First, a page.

Lifestyle focused e-commerce company Fab has unveiled a new design for its website in time for the holiday shopping season. The core of Fab.com’s new user interface is its ‘Personalization’ feature, which leverages collaborative filtering technology developed by Fab to make product recommendations more relevant to each shopper’s interests. Fab will also update its iOS and Android apps within the next few days. The company is offering a $10 credit today at this link.
Fab.com’s collaborative filtering tech, which integrates users’ activity on the site as well as social networking sites, evaluates the items each visitor has viewed, faved or shared on Facebook, Twitter or Pinterest, past purchases, and activity by other shoppers Fab believes have similar tastes. The site’s recommendation engine takes advantage of data points accumulated from its members, which numbered 14 million in June.
Fab and other sites that use collaborative filtering (including Pinterest) constantly try to refine their algorithms so they can provide the most accurate recommendations based on the smallest amount of data. This is important to hook users as early as possible, even if they have clicked on only a few items. Fab’s collaborative filtering technology uses Apache Mahout’s machine learning libraries, which also includes support for user and item based recommendations.
The company says its next step is working on singular value decomposition, or the factorization of a real or complex matrix in linear algebra. This helps Fab because collaborative filtering may become slower as the amount of data it has to evaluate increases. Singular value decomposition, on the other hand, offers more scalability and potentially make more accurate predictions using data sets with less dimensionality.
Fab’s redesign (which also includes a new user interface that follows the recent trend for flat design among tech companies and larger product photos) comes as the company focuses on expansion in Asia, part of its goal to join a roster of e-commerce companies that are valued at more than $10 billion: Amazon, eBay, Alibaba and Rakuten.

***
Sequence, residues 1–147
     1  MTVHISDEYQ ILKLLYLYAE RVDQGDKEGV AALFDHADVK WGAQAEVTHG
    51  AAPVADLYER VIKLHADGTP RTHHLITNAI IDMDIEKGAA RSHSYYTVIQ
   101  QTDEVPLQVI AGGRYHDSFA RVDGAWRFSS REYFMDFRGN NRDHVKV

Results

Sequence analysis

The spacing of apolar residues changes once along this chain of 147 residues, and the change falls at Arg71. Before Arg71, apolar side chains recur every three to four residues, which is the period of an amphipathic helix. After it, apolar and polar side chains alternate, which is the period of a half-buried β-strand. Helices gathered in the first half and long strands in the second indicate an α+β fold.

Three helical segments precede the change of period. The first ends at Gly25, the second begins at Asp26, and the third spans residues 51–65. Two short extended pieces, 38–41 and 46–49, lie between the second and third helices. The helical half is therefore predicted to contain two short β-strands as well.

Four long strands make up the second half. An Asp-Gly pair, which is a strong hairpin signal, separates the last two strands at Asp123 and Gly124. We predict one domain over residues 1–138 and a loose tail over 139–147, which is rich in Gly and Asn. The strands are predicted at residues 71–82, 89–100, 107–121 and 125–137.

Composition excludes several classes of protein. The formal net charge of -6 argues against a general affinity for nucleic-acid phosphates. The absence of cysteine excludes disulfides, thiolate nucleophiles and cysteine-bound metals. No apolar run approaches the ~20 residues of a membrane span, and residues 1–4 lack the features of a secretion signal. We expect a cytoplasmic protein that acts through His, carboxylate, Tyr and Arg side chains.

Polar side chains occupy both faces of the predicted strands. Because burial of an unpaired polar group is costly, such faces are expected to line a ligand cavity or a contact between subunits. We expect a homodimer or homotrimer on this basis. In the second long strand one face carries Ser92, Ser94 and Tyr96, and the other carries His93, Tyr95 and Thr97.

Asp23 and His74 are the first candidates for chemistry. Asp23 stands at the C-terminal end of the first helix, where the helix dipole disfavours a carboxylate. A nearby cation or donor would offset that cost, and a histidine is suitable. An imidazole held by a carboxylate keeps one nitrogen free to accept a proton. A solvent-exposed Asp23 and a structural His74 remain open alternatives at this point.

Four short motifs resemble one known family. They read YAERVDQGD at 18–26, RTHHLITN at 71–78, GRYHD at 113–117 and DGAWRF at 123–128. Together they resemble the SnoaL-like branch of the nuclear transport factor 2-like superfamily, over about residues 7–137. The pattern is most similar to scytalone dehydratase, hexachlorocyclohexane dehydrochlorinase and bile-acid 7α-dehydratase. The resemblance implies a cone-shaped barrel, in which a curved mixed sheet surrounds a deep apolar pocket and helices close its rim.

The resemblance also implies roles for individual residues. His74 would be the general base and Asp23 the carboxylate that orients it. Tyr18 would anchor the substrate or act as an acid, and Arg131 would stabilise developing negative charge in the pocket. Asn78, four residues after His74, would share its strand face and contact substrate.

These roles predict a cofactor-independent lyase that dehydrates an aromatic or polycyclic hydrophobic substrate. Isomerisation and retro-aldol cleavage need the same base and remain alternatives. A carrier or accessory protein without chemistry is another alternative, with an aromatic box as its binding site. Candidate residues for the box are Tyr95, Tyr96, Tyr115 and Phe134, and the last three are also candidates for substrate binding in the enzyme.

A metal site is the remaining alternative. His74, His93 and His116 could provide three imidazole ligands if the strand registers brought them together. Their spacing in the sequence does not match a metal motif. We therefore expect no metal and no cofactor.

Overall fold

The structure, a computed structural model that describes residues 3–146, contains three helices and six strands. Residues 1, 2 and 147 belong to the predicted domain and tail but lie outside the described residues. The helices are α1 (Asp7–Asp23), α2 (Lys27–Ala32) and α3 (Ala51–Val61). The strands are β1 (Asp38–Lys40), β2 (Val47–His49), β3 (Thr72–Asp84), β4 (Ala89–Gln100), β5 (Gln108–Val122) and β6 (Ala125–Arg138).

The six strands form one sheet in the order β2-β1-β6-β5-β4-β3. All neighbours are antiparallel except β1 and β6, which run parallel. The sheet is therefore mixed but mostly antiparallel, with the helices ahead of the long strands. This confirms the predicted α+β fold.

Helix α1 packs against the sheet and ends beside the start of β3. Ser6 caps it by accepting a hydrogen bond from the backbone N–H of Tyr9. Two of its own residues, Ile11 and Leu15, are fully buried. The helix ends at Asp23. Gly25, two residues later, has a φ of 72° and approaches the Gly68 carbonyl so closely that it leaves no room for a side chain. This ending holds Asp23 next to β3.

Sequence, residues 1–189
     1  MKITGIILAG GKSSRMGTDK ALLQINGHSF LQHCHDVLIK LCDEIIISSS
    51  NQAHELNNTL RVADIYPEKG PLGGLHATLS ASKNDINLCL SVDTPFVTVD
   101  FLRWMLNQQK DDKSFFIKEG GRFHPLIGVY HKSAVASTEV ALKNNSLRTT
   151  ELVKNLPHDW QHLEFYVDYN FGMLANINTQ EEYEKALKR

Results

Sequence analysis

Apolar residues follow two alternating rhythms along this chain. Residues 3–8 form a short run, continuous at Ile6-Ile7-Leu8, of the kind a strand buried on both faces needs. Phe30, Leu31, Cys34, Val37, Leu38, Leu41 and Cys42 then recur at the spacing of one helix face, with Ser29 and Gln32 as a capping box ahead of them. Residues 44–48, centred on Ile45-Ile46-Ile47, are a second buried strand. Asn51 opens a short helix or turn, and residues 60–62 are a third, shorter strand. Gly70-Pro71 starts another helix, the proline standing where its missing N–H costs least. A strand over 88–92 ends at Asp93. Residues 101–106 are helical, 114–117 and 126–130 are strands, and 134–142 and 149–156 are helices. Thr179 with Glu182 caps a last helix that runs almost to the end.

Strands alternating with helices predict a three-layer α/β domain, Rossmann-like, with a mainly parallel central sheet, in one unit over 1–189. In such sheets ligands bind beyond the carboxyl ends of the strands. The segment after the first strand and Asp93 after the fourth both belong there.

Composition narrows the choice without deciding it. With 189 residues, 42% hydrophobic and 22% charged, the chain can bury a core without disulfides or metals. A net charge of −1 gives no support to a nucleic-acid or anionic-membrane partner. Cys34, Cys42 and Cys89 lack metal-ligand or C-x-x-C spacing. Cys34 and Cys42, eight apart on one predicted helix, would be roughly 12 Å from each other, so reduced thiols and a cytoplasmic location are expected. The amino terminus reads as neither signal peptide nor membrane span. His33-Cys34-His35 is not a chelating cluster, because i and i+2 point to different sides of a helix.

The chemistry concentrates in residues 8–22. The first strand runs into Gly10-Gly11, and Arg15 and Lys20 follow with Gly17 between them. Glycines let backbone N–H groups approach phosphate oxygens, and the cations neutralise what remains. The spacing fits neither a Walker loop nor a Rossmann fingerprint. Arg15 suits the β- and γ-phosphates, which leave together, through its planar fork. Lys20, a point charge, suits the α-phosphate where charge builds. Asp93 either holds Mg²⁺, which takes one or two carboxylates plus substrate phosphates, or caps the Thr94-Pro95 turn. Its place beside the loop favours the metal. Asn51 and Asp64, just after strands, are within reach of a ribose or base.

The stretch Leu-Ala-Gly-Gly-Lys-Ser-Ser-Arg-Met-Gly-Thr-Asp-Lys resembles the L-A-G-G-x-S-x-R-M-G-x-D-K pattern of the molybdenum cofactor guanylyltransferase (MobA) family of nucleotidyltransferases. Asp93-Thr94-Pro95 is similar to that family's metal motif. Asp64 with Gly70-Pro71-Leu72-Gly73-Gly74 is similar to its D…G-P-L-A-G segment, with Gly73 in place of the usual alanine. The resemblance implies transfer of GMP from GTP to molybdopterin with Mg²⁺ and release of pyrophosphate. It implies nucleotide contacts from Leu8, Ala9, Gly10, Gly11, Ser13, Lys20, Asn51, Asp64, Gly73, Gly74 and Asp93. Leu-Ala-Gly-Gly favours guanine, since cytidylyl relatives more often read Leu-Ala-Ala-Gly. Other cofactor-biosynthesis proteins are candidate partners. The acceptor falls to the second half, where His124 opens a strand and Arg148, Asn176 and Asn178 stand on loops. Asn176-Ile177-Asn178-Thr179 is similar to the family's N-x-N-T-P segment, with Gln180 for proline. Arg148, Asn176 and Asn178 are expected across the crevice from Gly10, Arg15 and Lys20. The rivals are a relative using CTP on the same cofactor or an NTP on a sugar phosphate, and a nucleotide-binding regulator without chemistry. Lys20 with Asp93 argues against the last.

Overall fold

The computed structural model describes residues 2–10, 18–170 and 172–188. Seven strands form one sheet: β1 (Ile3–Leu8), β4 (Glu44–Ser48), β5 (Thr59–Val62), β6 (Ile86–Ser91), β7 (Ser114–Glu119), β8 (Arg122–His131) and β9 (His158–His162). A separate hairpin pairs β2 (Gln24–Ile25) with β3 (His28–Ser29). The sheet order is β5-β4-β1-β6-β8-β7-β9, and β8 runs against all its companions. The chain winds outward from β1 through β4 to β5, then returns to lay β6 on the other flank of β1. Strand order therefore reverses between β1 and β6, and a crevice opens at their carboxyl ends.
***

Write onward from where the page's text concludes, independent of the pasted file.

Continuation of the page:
But Fab’s growth strategy has not come without its share of headaches. Earlier this year, Fab made the latest in a series of pivots by moving its business model away from flash sales to focus on its “lifestyle shop,” including home goods, which account for 50 percent of sales. The company said it abandoned its flash sales model because it is difficult to scale globally if Fab wants to be able to sell the same products around the world.
Then in July, it was sued for trademark infringement and unfair competition by shoes and apparel site Just Fab. Around the same time, Fab.com laid off about 150 employees from its Berlin offices in what it said was an effort to reduce redundancies.
The lay-offs came just one month after Fab announced the close of $150 million in Series D funding, with plans to raise another $100 million. Founder and CEO Jason Goldberg said the company started down the fundraising route in March to raise enough capital to have several years of runway, at least until 2015. The funds will be used to invest in additional enhancements to its supply chain, logistics, customer service, technology and merchandising.